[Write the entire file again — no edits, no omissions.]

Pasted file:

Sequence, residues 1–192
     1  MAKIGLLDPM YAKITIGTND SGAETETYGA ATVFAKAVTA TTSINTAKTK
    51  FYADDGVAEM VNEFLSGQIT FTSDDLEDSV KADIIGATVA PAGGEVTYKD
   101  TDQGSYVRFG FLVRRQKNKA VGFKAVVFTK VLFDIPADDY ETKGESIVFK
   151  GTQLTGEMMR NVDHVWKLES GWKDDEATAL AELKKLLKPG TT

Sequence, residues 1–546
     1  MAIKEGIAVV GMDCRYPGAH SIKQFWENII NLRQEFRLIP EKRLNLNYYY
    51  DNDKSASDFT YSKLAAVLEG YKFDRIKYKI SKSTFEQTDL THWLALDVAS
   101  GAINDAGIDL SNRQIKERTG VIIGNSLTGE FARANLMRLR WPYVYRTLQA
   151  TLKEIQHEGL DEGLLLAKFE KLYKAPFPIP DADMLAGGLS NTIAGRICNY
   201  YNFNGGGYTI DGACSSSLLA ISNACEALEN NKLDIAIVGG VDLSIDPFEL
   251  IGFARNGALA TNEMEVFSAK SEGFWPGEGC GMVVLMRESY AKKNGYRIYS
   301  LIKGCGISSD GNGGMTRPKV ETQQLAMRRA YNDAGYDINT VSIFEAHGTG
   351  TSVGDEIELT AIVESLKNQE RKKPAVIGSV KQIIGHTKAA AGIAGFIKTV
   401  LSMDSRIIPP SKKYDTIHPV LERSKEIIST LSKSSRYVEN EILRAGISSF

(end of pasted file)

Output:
Sequence, residues 1–192
     1  MAKIGLLDPM YAKITIGTND SGAETETYGA ATVFAKAVTA TTSINTAKTK
    51  FYADDGVAEM VNEFLSGQIT FTSDDLEDSV KADIIGATVA PAGGEVTYKD
   101  TDQGSYVRFG FLVRRQKNKA VGFKAVVFTK VLFDIPADDY ETKGESIVFK
   151  GTQLTGEMMR NVDHVWKLES GWKDDEATAL AELKKLLKPG TT

Sequence, residues 1–546
     1  MAIKEGIAVV GMDCRYPGAH SIKQFWENII NLRQEFRLIP EKRLNLNYYY
    51  DNDKSASDFT YSKLAAVLEG YKFDRIKYKI SKSTFEQTDL THWLALDVAS
   101  GAINDAGIDL SNRQIKERTG VIIGNSLTGE FARANLMRLR WPYVYRTLQA
   151  TLKEIQHEGL DEGLLLAKFE KLYKAPFPIP DADMLAGGLS NTIAGRICNY
   201  YNFNGGGYTI DGACSSSLLA ISNACEALEN NKLDIAIVGG VDLSIDPFEL
   251  IGFARNGALA TNEMEVFSAK SEGFWPGEGC GMVVLMRESY AKKNGYRIYS
   301  LIKGCGISSD GNGGMTRPKV ETQQLAMRRA YNDAGYDINT VSIFEAHGTG
   351  TSVGDEIELT AIVESLKNQE RKKPAVIGSV KQIIGHTKAA AGIAGFIKTV
   401  LSMDSRIIPP SKKYDTIHPV LERSKEIIST LSKSSRYVEN EILRAGISSF